# Polarization identity

If $\lVert \cdot \rVert$ is a norm on a linear space $X$ which satisfies the parallelogram law, then the polarization identity defined as $4 \langle x,y\rangle =\lVert x+y\rVert^2-\lVert x-y\rVert^2+i\lVert x+iy\rVert^2-i\lVert x-iy\rVert^2$ gives an inner product on $X$.

I am having difficulty with prooving $\langle ix,y \rangle =i \langle x,y\rangle$, for $i=\sqrt{-1}$.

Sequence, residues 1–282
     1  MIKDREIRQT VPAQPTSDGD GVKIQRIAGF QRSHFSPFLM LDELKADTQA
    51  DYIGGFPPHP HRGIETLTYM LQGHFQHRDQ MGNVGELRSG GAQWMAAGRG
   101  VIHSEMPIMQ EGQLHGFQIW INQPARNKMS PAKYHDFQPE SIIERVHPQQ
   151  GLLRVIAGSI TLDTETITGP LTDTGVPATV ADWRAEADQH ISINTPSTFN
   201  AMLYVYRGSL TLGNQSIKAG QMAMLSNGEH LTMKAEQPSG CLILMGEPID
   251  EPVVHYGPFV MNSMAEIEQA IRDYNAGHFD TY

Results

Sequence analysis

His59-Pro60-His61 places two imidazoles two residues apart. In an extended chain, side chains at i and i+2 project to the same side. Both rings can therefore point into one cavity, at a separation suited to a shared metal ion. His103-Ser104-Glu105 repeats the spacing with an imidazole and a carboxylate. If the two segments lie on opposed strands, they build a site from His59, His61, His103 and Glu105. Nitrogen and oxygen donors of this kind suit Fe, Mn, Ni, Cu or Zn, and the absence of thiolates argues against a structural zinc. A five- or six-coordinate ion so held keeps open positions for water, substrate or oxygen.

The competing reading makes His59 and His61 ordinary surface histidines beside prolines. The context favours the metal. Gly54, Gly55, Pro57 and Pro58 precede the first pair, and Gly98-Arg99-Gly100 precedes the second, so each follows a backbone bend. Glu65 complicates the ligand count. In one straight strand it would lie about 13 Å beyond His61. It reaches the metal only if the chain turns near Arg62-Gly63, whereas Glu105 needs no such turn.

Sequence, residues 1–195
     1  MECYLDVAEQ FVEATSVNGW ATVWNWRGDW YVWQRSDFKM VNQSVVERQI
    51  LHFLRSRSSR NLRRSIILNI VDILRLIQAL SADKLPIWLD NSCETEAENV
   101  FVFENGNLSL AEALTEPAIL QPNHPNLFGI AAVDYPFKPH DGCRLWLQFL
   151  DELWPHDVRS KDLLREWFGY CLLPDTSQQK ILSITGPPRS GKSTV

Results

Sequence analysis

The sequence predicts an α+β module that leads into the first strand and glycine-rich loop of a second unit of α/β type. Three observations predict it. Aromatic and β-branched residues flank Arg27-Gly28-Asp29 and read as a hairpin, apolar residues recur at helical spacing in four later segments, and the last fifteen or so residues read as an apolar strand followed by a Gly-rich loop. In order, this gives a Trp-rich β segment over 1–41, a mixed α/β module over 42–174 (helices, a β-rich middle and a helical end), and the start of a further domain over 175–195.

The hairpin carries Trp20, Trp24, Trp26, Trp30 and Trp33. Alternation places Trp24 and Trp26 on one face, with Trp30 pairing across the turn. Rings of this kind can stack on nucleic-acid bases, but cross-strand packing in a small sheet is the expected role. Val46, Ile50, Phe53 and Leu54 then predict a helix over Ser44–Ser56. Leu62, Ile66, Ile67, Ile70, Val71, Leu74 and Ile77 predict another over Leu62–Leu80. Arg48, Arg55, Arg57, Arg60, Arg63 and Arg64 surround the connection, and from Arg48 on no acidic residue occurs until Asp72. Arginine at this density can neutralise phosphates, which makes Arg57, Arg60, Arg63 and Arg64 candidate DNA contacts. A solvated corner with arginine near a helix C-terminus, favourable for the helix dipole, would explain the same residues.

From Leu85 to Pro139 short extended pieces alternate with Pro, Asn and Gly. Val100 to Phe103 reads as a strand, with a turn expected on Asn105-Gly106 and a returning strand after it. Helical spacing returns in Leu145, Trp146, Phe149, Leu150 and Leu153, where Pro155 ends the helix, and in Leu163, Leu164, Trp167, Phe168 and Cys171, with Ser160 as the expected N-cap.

Recall $\lVert \lambda x \rVert^2 = \lvert \lambda \rvert^2 \lVert x \rVert^2$. Since $\lvert i \rvert = 1$, you have $$4 \langle ix,y\rangle =\lVert ix+y\rVert^2-\lVert ix-y\rVert^2+i\lVert ix+iy\rVert^2-i\lVert ix-iy\rVert^2$$ $$= \lVert x-iy\rVert^2-\lVert x-iy\rVert^2+i\lVert x+y\rVert^2-i\lVert x-y\rVert^2 =$$ $$= i\left(-i\lVert x-iy\rVert^2+i\lVert x-iy\rVert^2+\lVert x+y\rVert^2-\lVert x-y\rVert^2 \right) = 4i\langle x,y\rangle.$$